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It was an average Tuesday evening, December 7, 1993, when a group of commuters on a Long Island Rail Road car came face to face with the sort of terror most people see only on television. Without warning, a Jamaican immigrant named Colin Ferguson pulled out a pistol and started firing at random, killing 6 passengers and wounding 19. After Ferguson was convicted and before he was sentenced, the survivors of his attack and the relatives of his victims got a rare chance. The judge allowed them to confront their tormentor and speak their minds about him, about justice, about their own lives and their futures.
Colin Ferguson was born with many advantages. In his native country of Jamaica, Ferguson attended the exclusive Calabar Boys' High School, an academy that numbers among its alumni Percival Patterson, the island's Prime Minister. The Fergusons lived in a two-story home protected by walls and wrought-iron gates in Kingston's elite suburb of Havendale. His father Von Herman Ferguson, was one of the most prominent businessmen in Jamaica. When the elder Ferguson died in a car accident in 1978, his funeral was attended by government and military luminaries.

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However, that passage and the subsequent death of Ferguson's mother from cancer shattered the family's fortunes. In 1982 Ferguson, then 24, left for the U.S. where he was never able to re-create the life he had led on the island of his birth.
At first, though, there had been hope. He met Audrey Warren, an American of Jamaican descent, married her in 1986, and qualified for permanent U.S. residency. The couple moved into a house on Long Island and had a son. Enrolled in a local community college, Ferguson made the dean's list three times. But that approximation of bliss collapsed in 1988,
when Warren sued for divorce and won custody of their child. By that last
week of the divorce, Ferguson was jobless and living in the Flatbush section of Brooklyn, in a tiny $175-a-month room with a communal bath down the
hall.
His descent was precipitous. At the time of his divorce, Ferguson began working for Ademco, a burglar-alarm manufacturer. A year into his job he fell from a stool, receiving a back injury that led to his termination at Ademco. He sued for compensation, and won a $26,250 judgment but, for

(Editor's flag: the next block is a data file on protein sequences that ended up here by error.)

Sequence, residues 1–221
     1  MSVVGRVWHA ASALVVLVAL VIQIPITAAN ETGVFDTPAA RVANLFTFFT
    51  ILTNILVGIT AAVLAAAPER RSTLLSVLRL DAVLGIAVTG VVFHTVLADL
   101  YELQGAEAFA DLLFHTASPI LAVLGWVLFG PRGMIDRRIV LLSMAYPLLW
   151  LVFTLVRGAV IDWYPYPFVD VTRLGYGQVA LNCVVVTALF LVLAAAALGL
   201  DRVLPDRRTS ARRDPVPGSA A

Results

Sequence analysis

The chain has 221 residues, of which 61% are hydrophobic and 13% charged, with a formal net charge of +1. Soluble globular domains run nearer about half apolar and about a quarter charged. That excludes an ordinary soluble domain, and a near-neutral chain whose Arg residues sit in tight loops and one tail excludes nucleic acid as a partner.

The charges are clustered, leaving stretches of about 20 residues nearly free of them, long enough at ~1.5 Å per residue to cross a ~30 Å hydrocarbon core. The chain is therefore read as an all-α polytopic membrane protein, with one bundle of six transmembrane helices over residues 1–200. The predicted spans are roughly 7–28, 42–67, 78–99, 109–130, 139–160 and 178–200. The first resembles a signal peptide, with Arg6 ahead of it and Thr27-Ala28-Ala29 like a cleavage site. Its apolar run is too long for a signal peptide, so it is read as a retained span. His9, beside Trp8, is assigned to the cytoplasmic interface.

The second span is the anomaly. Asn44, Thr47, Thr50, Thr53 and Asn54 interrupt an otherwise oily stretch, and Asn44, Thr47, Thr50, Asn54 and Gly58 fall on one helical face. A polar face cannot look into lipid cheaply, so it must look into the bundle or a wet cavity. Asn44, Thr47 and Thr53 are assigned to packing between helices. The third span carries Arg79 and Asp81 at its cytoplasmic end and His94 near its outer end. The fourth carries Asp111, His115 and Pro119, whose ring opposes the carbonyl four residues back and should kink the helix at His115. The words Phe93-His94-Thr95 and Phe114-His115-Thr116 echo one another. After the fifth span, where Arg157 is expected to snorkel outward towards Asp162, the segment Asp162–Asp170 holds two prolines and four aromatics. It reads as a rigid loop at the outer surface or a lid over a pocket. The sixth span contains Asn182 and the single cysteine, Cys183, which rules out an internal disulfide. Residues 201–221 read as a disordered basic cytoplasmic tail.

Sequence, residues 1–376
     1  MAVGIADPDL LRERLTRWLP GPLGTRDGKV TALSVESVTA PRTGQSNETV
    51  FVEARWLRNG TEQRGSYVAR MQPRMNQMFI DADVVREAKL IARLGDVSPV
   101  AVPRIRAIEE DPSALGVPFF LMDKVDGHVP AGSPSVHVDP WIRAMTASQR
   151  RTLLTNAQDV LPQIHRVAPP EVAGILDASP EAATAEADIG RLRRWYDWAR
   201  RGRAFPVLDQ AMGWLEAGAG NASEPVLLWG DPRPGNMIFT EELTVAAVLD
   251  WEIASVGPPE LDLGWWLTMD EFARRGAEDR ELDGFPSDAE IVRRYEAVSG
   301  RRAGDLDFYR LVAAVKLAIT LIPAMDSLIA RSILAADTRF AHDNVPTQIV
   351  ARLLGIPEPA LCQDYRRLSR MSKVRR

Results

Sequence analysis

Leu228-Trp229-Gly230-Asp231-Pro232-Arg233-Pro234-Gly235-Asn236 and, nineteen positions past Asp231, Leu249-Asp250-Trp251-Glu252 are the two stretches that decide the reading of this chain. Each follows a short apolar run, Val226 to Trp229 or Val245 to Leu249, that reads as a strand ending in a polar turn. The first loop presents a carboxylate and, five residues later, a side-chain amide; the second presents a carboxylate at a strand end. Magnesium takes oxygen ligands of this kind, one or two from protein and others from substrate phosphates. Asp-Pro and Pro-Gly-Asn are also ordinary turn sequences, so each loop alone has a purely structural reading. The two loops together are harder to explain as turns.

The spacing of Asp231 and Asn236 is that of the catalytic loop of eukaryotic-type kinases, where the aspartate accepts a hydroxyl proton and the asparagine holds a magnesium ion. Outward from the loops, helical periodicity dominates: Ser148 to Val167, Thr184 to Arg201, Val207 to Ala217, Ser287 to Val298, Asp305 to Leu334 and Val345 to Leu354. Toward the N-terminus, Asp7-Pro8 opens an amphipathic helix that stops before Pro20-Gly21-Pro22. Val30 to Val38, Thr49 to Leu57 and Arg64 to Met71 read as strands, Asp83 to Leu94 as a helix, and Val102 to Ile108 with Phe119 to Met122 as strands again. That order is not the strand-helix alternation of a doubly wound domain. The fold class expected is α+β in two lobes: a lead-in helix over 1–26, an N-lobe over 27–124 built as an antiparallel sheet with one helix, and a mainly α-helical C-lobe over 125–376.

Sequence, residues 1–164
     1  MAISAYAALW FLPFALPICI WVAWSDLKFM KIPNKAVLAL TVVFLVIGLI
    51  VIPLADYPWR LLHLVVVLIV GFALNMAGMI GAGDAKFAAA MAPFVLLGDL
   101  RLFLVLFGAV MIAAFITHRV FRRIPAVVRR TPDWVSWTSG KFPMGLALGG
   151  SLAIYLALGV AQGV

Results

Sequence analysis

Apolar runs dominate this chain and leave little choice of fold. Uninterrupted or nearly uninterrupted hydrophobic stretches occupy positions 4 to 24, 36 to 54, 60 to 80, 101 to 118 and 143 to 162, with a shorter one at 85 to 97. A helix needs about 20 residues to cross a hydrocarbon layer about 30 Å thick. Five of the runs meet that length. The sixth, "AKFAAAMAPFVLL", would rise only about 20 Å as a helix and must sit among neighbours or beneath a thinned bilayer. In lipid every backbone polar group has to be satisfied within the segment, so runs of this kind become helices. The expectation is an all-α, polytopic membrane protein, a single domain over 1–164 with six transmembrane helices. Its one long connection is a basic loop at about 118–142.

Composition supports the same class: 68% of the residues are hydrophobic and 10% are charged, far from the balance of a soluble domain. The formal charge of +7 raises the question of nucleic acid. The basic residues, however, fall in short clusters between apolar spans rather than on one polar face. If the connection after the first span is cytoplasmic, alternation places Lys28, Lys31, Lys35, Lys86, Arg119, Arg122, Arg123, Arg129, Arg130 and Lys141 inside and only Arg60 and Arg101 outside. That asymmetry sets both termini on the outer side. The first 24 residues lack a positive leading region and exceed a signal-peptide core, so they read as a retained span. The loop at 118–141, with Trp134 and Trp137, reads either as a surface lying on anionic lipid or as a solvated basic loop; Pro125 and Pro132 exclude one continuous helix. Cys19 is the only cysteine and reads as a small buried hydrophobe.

some reason, tried to reopen proceedings with the New York State workers'
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compensation board. He complained that he was a victim of racial prejudice and rejected the state-appointed doctors that were sent to examine him because their surnames sounded ethnic and not black. Eventually, Ferguson, who wrote and called incessantly, was put on a list of possible troublemakers and the security guards at the board were on the watch for him.
In the fall of 1990 Ferguson enrolled at Adelphi University and got into angry confrontations with teachers and students, accusing white students of racism and black activists of being ``Uncle Toms.'' ``Black rage will get you,'' he told a black professor. He talked loudly of violent race
wars and revolution. He interrupted a lecture by yelling ``Kill everybody white!'' and by 1991, ferguson was suspended. In 1992 his ex-wife, who has not spoken to him since their divorce, filed a complaint with police charging that Ferguson had pried open the trunk of her car. Ferguson also clashed with the police when he got into a shoving match with a woman over a subway seat. He had compiled a list of complaints and enemies, as did other recent mass murderers including Alan Winterbourne, who shot four people in Oxnard, California, and Gian Luigi Ferri, who killed eight

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people in a San Francisco office building. Ferguson started to believe
almost everyone white, Asian, or black had become a racist and particularly prejudiced against him (Toufexis 1993).
Early this year Ferguson went to California in search of new
opportunities. There were only new humiliations. He did not like
competing with immigrants and Hispanics for jobs. When Ferguson applied at a car wash, the manager laughed at him. The next day, Ferguson walked
into Turner's Outdoorsman and made a downpayment on a gun. As proof of
residency, he used a California driver's license he had received on a previous visit and the Royal Motel address.